What should women do to maintain their health?

Dr. Mehmet Oz, MD
Cardiology (Cardiovascular Disease)

Early detection is often the best prevention. But do you know which common medical tests you should have this year?

There are five tests that target life-altering, sometimes deadly, conditions every woman needs to watch for. These include screenings for oral cancer, peripheral arterial disease (hardening of the arteries), depression, skin cancer, and glaucoma.

Here are compelling reasons why you need to get these tests now:

•  Oral cancer has one of the lowest five-year survival rates of all cancer, most likely because lesions are not detected until too late. Early detection can improve your survival by 90%, yet not every dentist screens regularly for oral cancer, so you have to insist on it.

•  Peripheral arterial disease (hardening of the arteries) significantly increases your chances of heart attack or stroke.

•  Serious depression affects an estimated 19 million Americans annually. Depressive disorders have been linked to increased mortality from other chronic illnesses like heart disease and possibly cancer.

• Skin cancer is the number one cancer in America. Early detection can increase your chance of survival by 600%.

• Glaucoma is the world's leading cause of preventable blindness.




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Alice Domar

There are three basic rules that apply to women of every age. If every woman in the country followed these three rules, we would all be a lot healthier.

  1. Wear your seat belt. Every time. No excuses.
  2. Practice safe sex. It doesn't matter your age or background.
  3. Don't smoke and don't allow yourself to be exposed to secondhand smoke.
Farzanna S. Haffizulla, MD
Internal Medicine

There are preventive screening tests that should be done to ensure maintenance of good health. These include:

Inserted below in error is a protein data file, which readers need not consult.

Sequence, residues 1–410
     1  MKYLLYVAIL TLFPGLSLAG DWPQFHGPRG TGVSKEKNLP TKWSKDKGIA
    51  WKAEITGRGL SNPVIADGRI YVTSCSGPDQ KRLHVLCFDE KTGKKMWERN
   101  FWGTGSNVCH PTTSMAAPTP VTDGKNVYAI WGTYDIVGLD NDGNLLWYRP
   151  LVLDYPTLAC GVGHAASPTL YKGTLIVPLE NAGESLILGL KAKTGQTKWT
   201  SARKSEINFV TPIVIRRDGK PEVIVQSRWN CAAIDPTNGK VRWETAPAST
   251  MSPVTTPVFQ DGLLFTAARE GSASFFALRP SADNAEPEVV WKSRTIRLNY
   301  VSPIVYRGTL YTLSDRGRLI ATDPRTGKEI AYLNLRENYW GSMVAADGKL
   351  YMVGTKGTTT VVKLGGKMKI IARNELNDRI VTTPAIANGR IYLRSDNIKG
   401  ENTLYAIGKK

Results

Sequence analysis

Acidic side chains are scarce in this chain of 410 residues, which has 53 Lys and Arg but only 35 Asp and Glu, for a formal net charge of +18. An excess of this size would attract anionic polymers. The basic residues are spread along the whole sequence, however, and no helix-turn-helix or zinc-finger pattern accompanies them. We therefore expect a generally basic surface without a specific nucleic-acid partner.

Breast Health: a mammogram should be done annually from age 40. Earlier screening is done in women with a family history or other risk factors for breast cancer. Breast self exam  should be done by the patient and a clinical breast exam should be performed by the physician.
Pap Smears: The following guidelines were taken directly from the American Cancer society guidelines:

  • All women should begin cervical cancer screening at age 21.
  • Women between the ages of 21 and 29 should have a Pap test every 3 years. They should not be tested for HPV unless it is needed after an abnormal Pap test result.
  • Women between the ages of 30 and 65 should have both a Pap test and an HPV test every 5 years. This is the preferred approach, but it is also OK to have a Pap test alone every 3 years.
  • Women over age 65 who have had regular screenings with normal results should not be screened for cervical cancer. Women who have been diagnosed with cervical pre-cancer should continue to be screened.
  • Women who have had their uterus and cervix removed in a hysterectomy and have no history of cervical cancer or pre-cancer should not be screened.
  • Women who have had the HPV vaccine should still follow the screening recommendations for their age group.
  • Women who are at high risk for cervical cancer may need to be screened more often. Women at high risk might include those with HIV infection, organ transplant, or exposure to the drug DES. They should talk with their doctor or nurse.
(taken from :

Colon Cancer Screening: colonoscopy and stool hemoccults should be done at age 50. Earlier screening if there is a family history of colon cancer or if the patient has a history of inflammatory bowel disease or hereditary polyposis syndromes.

Annual Physical exam: This should be a comprehensive physical exam with lab work. This includes blood pressure evaluation, height, weight and basic lab work which screen for cholesterol disorders, diabetes or anemia and thyroid abnormalities. More comprehensive testing will be based on existing medical problems in a patient and family history of diseases. Discussion regarding diet, exercise and nutrition should also be done during these visits.

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Important: This content reflects information from various individuals and organizations and may offer alternative or opposing points of view. It should not be used for medical advice, diagnosis or treatment. As always, you should consult with your healthcare provider about your specific health needs.